Glasses have come a long way from the days of massive lenses that took over your face. The eye update stopped at fashion, though, because our attitudes about the health of our peepers is stuck in the past. People still spout the myths that sitting too close to the TV can damage eyes or eating an armload of carrots will guarantee spectacular sight, even though stories like one from ABC News have enlisted experts to prove they aren’t true.
While many of the activities we once thought would ruin our vision have turned out to be completely safe, some habits really can harm your eyes. Even something as small as leaving your sunglasses at home might make a difference. Protect your peepers by avoiding these eye faux pas.
1. Skipping your yearly exam
As annoying as heading to yet another appointment can be, your yearly visit to the optometrist is something you need to fit into your schedule. Even if you’ve had the same prescription for years, there’s always a chance things have changed. More importantly, eye doctors use sophisticated equipment to keep tabs on a lot more than just whether you can read a row of letters across the room. One optometrist told Reader’s Digest a lot of serious eye diseases can be detected before they’ve robbed you of your vision. If it’s been a few years, book an appointment.
2. Staring at your computer for too long
First things first, staring at a screen doesn’t damage your eyes the way many once thought. No amount of staring at a glowing computer is going to lead to rapid deterioration. Spending all day in front of a screen can lead to dryness, though. The Washington Post explained people don’t blink as frequently when reading from a screen, which means your eyes don’t get as much lubrication from tears. Since ditching your computer isn’t realistic, try to schedule breaks where you step away from your desk.
3. Soaking up the sun
Slapping on sunscreen before heading outside is only part of the equation when it comes to protecting yourself from the sun. If you’re skipping sunglasses, your eyes could suffer. Contrary to what you might think, it’s completely possible to get a sunburn on your eyes. It’s called photokeratitis and can lead to pain, blurred vision, and even temporary blindness, according to the American Academy of Ophthalmology.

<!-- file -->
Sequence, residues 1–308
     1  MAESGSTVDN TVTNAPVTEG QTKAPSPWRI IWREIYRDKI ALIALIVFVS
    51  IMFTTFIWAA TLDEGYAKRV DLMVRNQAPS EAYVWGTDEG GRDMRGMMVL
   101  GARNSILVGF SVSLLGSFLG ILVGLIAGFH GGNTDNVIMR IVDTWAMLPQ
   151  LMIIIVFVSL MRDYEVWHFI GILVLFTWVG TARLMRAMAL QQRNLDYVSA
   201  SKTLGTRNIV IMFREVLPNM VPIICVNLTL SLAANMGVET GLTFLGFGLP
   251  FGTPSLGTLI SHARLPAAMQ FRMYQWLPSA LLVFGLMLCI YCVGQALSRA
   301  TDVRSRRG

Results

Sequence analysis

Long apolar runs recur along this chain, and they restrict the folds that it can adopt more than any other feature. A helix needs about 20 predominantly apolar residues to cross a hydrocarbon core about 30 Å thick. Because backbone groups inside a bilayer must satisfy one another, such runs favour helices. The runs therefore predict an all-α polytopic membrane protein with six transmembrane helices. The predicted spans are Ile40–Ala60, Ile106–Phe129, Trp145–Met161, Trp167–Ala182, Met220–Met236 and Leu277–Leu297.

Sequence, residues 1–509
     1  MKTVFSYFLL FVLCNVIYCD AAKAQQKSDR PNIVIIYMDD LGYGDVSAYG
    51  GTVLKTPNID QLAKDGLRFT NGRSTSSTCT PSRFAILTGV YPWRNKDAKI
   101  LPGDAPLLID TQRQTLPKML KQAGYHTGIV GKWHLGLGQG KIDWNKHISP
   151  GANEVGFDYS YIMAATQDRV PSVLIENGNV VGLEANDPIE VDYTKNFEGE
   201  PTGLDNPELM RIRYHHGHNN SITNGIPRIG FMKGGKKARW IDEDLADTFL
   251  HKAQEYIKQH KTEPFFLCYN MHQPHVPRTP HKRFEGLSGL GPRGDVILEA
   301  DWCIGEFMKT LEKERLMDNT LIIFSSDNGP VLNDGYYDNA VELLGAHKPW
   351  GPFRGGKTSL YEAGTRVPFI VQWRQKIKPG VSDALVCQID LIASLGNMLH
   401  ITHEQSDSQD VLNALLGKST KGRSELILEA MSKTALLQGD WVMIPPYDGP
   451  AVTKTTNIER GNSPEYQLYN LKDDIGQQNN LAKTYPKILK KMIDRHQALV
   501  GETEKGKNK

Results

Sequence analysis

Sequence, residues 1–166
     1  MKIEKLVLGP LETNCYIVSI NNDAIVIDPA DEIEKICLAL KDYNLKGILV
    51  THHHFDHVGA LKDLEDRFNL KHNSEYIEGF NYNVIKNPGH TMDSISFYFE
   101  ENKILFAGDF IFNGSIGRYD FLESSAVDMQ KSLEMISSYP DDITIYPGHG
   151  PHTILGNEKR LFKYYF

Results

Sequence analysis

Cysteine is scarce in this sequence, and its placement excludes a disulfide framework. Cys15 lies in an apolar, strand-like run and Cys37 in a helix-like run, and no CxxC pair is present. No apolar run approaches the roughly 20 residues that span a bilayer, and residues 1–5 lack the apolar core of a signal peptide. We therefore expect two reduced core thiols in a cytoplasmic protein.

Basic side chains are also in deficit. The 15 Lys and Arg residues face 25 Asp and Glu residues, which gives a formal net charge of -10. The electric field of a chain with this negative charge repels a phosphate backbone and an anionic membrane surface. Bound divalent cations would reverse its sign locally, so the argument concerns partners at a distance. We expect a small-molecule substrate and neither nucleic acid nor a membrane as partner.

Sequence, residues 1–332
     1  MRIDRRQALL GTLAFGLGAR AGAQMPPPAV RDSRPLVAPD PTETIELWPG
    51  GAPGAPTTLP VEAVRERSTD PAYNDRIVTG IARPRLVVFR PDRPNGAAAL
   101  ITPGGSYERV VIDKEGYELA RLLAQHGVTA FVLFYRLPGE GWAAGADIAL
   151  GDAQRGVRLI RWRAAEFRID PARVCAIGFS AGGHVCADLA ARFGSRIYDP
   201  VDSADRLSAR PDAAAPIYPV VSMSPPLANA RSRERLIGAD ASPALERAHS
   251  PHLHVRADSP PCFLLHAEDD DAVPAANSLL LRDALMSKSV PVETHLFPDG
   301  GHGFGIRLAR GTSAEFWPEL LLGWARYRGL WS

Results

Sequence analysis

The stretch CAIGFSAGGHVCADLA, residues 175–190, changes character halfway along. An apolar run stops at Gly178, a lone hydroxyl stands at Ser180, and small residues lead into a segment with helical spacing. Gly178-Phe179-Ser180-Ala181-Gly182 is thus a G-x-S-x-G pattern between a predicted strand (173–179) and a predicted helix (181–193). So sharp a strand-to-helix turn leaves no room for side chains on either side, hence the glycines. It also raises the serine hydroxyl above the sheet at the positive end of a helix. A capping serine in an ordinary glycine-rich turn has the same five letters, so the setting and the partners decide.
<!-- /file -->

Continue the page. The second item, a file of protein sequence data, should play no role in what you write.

Most people are lucky enough to avoid such a serious condition, but too much sun exposure can also occur over a longer period of time. One 2014 study found those who were exposed to the most ultraviolet rays over their lives were more prone to cataracts and age-related macular degeneration.
While everyone knows about smoking’s ill effects on lung and heart health, few realize how closely it’s associated with eye problems. One 2005 review reported smoking is strongly linked to macular degeneration, which is typically irreversible. And the bad news doesn’t stop there. According to All About Vision, a cigarette habit could also lead to cataracts, blood vessel damage, and a disease called uveitis, all of which can lead to vision loss.
5. Leaving your contacts in overnight
Nearly everyone who wears contacts is guilty of snoozing without taking out their lenses first. Doing so is problematic, and not just because everything looks a bit blurry. The Huffington Post explained leaving your contacts in while you sleep doesn’t allow your eyes to get enough oxygen and can also up your chances of an infection. Even lenses designed for overnight use aren’t a good idea. WABC-TV New York reported one man temporarily lost vision in one eye due to an infection when using these types of contacts. The story said these types of infections may require eye removal if left untreated.
6. Using the wrong eye drops
Many eye drops are designed to mimic tears, so aside from the annoyance of having to break what your doing every so often, regular usage is completely fine. Unfortunately, not all eye drops are the same. In certain cases, doctors prescribe steroid eye drops to treat infections. Many people will simply stash the leftovers along with the rest of their medications, making it easy to mistake one bottle for another. According to Livestrong, overusing these eye drops can increase your risk of cateracts, glaucoma, and infection. To avoid confusion, get rid of the bottle once you no longer need the prescription.
7. Rubbing your eyes
This might be the only age-old wisdom about eye health that’s true. In extreme cases, you could end up with a painful cornea scratch. Everyday Health reported excessive rubbing can also lead to a nonstop itch cycle during allergy season or transmit harmful bacteria to your eye. If you know you have difficulty with allergies, try a cool compress instead. Whatever you do, keep your hands off.
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